n the summer of 1998, Healey & Baker’s Development Team, which is now owned by Cushman & Wakefield,[6] were appointed by Liverpool City Council to conduct a retail study of the Liverpool City Centre for the replacement Unitary Development Plan.[7] The purpose of the study was to enable the Council to identify ways of protecting and improving the City Centre and also to find out why the City Centre was perceived as unattractive to new high quality retailers. Cushman & Wakefield‘s study revealed that Liverpool’s reputation as a regional shopping centre was under serious threat, however the study underlined that a feasible scheme and redevelopment site existed within the heart of the city.Cushman & Wakefield recommended a radical City Centre re-development of over 42 acres (170,000 m2), which would represent the largest city centre development in Europe since the post-war reconstruction.[8]In April 1999, Liverpool City Council passed a resolution for comprehensive redevelopment of the Paradise Street Area,[9] which consisted of the area bound by Strand Street, the Combined Courts Centre, Lord Street, Church Street, Hanover Street and Liver Street. The area contained Chavasse Park, the Paradise Street Bus Station and NCP Car Park, Quiggins, the Moat House Hotel, Canning Place Fire Station and BBC Radio Merseyside. There were also large areas of wasteland, some used as car parks.In March 2000, after a series of technical workshops, Liverpool City Council selected the Duke of Westminster‘s Grosvenor Group as developer.[9] The Development Agreement between the council and Grosvenor was signed in January 2003.[10]As a result of the technical workshops, it became apparent to Cushman & Wakefield that whilst the boundary of the PSDA was appropriate, the boundary needed to be extended and more clearly defined. Cushman & Wakefield proposed that two Mixed Use Extension Areas be identified to the West and East of the PSDA, including the sites of Chavasse Park/ Canning Place, together with an area across Hanover Street extending into Rope Walks.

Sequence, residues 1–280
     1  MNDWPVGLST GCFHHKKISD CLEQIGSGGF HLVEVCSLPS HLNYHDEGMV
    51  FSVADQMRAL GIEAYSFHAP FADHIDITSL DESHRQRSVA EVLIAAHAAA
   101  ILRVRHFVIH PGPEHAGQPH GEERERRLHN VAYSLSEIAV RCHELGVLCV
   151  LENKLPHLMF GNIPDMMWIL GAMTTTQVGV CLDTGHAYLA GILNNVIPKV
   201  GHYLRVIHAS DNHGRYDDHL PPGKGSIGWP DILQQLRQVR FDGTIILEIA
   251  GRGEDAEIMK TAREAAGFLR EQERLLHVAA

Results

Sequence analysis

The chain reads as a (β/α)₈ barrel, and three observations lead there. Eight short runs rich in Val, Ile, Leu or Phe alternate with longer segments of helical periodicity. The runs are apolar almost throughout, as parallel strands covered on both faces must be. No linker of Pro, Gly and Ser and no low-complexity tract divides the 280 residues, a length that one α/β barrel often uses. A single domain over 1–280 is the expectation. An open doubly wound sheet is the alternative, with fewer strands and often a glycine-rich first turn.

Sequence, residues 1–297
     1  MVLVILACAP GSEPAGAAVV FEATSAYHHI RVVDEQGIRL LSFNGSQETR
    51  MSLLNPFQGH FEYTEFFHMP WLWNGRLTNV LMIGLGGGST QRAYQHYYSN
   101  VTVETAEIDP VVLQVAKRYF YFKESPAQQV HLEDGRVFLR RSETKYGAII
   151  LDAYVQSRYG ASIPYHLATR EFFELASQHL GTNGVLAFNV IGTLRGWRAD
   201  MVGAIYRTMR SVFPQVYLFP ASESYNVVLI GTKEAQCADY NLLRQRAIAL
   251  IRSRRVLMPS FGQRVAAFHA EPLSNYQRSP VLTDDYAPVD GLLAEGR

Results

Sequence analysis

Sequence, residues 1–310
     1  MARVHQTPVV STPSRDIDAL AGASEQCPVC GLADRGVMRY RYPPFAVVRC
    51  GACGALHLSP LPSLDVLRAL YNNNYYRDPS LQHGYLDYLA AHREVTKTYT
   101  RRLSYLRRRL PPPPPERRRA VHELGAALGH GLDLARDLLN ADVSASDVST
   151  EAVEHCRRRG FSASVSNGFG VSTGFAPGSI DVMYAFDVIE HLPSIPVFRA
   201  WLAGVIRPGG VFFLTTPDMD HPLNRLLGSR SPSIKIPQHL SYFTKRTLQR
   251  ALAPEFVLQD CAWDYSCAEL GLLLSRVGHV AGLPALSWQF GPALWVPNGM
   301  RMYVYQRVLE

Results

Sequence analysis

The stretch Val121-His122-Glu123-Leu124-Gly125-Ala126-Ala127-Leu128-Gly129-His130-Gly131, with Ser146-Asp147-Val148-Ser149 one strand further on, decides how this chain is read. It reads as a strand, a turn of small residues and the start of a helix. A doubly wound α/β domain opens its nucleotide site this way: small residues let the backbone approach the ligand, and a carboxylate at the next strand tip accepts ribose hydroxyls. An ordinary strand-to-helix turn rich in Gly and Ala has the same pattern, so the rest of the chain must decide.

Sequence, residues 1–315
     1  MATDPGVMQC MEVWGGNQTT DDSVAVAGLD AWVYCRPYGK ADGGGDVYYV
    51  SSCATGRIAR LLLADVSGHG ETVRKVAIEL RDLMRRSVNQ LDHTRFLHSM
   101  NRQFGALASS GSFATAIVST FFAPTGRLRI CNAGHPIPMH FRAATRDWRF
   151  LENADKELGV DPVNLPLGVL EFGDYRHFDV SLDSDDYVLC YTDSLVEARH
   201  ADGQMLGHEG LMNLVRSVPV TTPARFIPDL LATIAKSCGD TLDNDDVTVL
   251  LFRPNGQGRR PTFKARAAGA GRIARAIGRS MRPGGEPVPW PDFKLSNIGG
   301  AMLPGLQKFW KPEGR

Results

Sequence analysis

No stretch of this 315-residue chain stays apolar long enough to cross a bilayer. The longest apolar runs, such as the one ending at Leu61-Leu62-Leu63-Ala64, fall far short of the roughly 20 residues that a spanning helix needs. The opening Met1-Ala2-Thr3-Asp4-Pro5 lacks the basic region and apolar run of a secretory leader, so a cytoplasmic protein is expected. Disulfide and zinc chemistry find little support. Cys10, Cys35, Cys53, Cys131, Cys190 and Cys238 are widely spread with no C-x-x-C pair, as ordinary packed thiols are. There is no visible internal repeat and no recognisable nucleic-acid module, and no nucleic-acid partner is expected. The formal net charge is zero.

When We Dead Awaken

We’ve been to the Unity to see Ibsen’s When we Dead Awaken,  his final and seldom performed work. It’s a major international collaboration between the Unity  theatre and two Swedish companies, Riksteatern and Vasterbottensteatern.

This review from the Daily Post:

The main theme of When We Dead Awaken is art and the artist, and the cost to human life and relationships when the urge to create a masterwork is greater than all. An intense and melodramatic 80- minute effort with no interval, the play explores the fates of four people – sculptor Rubek and his flighty and neglected younger wife, Maja; the rugged hunter who attracts her attention; and Irene, Rubek’s long-lost muse.

When Rubek and Irene reunite after years apart, she having been driven mad by the circumstances of their parting, two lifetimes of regret and misunderstandings come to a harrowing climax. The sculptor, trapped in his calling as an artist and how it has crippled his own human feelings and emotions, is played earnestly by Robert Pickavance, whose haunted eyes tell a sorry tale all their own.